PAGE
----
Only a short drive away from Cancun, Playa del Carmen and Tulum, the Sian Ka’an Biosphere Reserve covers over 520,000 hectares of intricately linked marine, coastal and terrestrial ecosystems and is the perfect place for a day trip away from the hustle and bustle of the close by tourist-filled Mexican cities.
Whether you arrive by car, bus, boat or seaplane, Sian Ka’an has a lot to offer. Starting from the sea, the reserve protects 120,000 hectares of marine area, including valuable parts of the Mesoamerican Barrier Reef, also known as the Great Mayan Reef or Great Maya Reef. Home to more than 500 species of fish, 65 species of stony coral and over 350 species of mollusk, be sure to pack your snorkeling gear. Sian Ka’an is also famous for being home to a large number of wild dolphins, a small population of West Indian Manatee in the seagrass beds and in the shallow bays and four species of nesting marine turtles.
Jump from the water onto dry land and you will find 120 kilometers of pristine palm-fringed coastline. Further inland, the reserve covers over 400,000 hectares of tropical forests, turquoise lagoons, healthy mangroves, palm savannas, sandy dunes and one of the most pristine wetlands in Mexico. With pure white sand, blue water, palm trees and almost no people around, Sian Ka’an can also proudly boast with some of the best, unspoiled beaches in all of Mexico.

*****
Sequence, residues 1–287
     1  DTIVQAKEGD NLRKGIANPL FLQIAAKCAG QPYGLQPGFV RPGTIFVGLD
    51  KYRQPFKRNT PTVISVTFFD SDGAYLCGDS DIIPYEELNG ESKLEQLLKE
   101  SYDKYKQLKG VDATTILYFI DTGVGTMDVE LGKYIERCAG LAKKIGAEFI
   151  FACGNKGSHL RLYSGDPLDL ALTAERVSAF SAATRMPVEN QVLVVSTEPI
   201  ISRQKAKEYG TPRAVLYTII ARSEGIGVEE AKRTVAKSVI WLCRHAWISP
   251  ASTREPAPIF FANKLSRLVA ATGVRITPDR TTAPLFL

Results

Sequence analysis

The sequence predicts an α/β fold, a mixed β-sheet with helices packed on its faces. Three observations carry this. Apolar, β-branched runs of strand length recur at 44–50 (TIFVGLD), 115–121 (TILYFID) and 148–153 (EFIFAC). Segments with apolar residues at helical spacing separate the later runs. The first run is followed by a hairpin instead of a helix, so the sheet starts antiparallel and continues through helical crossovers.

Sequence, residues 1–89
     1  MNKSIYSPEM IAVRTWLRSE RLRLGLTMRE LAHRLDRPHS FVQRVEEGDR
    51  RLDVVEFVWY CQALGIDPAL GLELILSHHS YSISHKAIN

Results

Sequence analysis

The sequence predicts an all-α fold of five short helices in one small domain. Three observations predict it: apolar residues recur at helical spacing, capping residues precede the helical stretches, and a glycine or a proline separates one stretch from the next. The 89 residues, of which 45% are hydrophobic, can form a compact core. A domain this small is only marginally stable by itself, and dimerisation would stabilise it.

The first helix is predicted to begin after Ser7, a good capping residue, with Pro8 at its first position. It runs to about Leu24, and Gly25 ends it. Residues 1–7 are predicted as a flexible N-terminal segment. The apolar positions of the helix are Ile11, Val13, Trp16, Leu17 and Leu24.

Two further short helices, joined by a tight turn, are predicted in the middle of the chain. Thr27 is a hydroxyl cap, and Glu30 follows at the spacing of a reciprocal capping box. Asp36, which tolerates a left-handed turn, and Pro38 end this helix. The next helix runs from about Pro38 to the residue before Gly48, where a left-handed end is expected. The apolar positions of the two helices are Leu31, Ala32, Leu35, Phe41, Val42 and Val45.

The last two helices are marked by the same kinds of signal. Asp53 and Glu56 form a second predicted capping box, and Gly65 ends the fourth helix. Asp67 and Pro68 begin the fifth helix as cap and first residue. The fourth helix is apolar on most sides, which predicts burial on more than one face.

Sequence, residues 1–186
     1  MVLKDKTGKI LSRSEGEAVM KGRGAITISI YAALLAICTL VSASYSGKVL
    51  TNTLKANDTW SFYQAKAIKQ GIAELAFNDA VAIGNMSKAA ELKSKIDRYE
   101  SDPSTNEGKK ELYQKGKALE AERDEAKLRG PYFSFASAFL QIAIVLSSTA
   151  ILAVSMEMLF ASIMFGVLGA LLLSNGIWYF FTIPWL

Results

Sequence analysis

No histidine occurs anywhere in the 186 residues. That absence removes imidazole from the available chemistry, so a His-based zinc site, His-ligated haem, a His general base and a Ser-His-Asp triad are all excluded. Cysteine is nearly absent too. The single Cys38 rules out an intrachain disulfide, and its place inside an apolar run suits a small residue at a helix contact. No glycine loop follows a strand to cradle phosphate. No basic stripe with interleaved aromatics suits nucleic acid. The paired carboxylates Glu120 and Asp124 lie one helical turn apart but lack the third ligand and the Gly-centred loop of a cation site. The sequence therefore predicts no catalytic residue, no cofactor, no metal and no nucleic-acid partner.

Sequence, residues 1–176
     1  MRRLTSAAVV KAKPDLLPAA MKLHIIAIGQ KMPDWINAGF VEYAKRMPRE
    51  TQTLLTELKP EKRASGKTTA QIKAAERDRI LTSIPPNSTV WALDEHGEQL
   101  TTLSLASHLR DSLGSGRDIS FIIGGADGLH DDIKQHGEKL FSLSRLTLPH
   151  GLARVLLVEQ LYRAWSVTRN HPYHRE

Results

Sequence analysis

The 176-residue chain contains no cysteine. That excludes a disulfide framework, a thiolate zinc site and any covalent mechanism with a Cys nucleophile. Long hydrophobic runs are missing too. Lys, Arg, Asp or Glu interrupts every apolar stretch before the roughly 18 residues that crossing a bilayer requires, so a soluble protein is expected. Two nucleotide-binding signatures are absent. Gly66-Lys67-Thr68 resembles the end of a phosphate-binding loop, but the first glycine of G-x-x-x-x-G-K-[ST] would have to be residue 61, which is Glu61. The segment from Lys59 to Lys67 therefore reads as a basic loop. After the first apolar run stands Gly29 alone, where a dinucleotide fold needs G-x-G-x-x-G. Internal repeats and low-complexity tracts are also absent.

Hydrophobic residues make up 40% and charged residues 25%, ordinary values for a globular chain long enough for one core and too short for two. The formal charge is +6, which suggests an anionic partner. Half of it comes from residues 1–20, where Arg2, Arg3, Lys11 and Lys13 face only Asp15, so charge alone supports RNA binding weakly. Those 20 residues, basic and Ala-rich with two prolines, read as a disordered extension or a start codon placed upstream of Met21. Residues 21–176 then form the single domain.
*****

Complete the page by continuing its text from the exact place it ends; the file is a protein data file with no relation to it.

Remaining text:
Due to its protected status, jaguars, pumas, ocelots, black-handed spider monkeys, Yucatan black howler monkey and Central American tapirs are glimpsed from time to time by lucky visitors. Sian Ka’an Home to over 330 species of bird have been recorded, 219 of them breeding in Sian Ka’an, making it a true birdwatcher’s paradise.
The reserve also includes 23 known archaeological sites – reminders of the long lost Mayan civilization. One of them, Muyil, is by far the grandest of them all. Dating back to around 350 BC, Muyil was one of the largest and longest inhabited ancient Mayan sites. Standing 17 meters tall, the grey stone castle is the main part of Muyil, although there are many other smaller structures built around it. Muyil is one of the few Mayan ruins to visit in this area without swarming crowed, but a good mosquito repellent comes highly recommended as it is hidden in the dense tropical forest.
Sian Ka’an is one of the most diverse places on earth and many people are working hard to keep it that way. The reserve was officially made a UNESCO World Heritage site in 1987 and various local and international groups and organisations have since started hundreds of conservation projects. Many species found here are endangered and the threat of growing coastal urbanisation close to the reserve is a growing concern. Tours are limited and those that are allowed have strict guidelines and regulations to adhere to. Low impact tourism is greatly encouraged in Sian Ka’an and all visitors must wear natural or eco-friendly lotions and sunscreens.
Although it is it is possible to visit the Sian Ka’an Biosphere Reserve on your own, you will need a 4WD vehicle and a bit of guts. To enter the reserve costs 50 pesos per person and to visit the Muyil ruins will cost you an additional 45 pesos per person. I do, however, recommend visiting the reserve with an organised tour as local guides are very knowledgeable and will make your time in Sian Ka’n all that more memorable.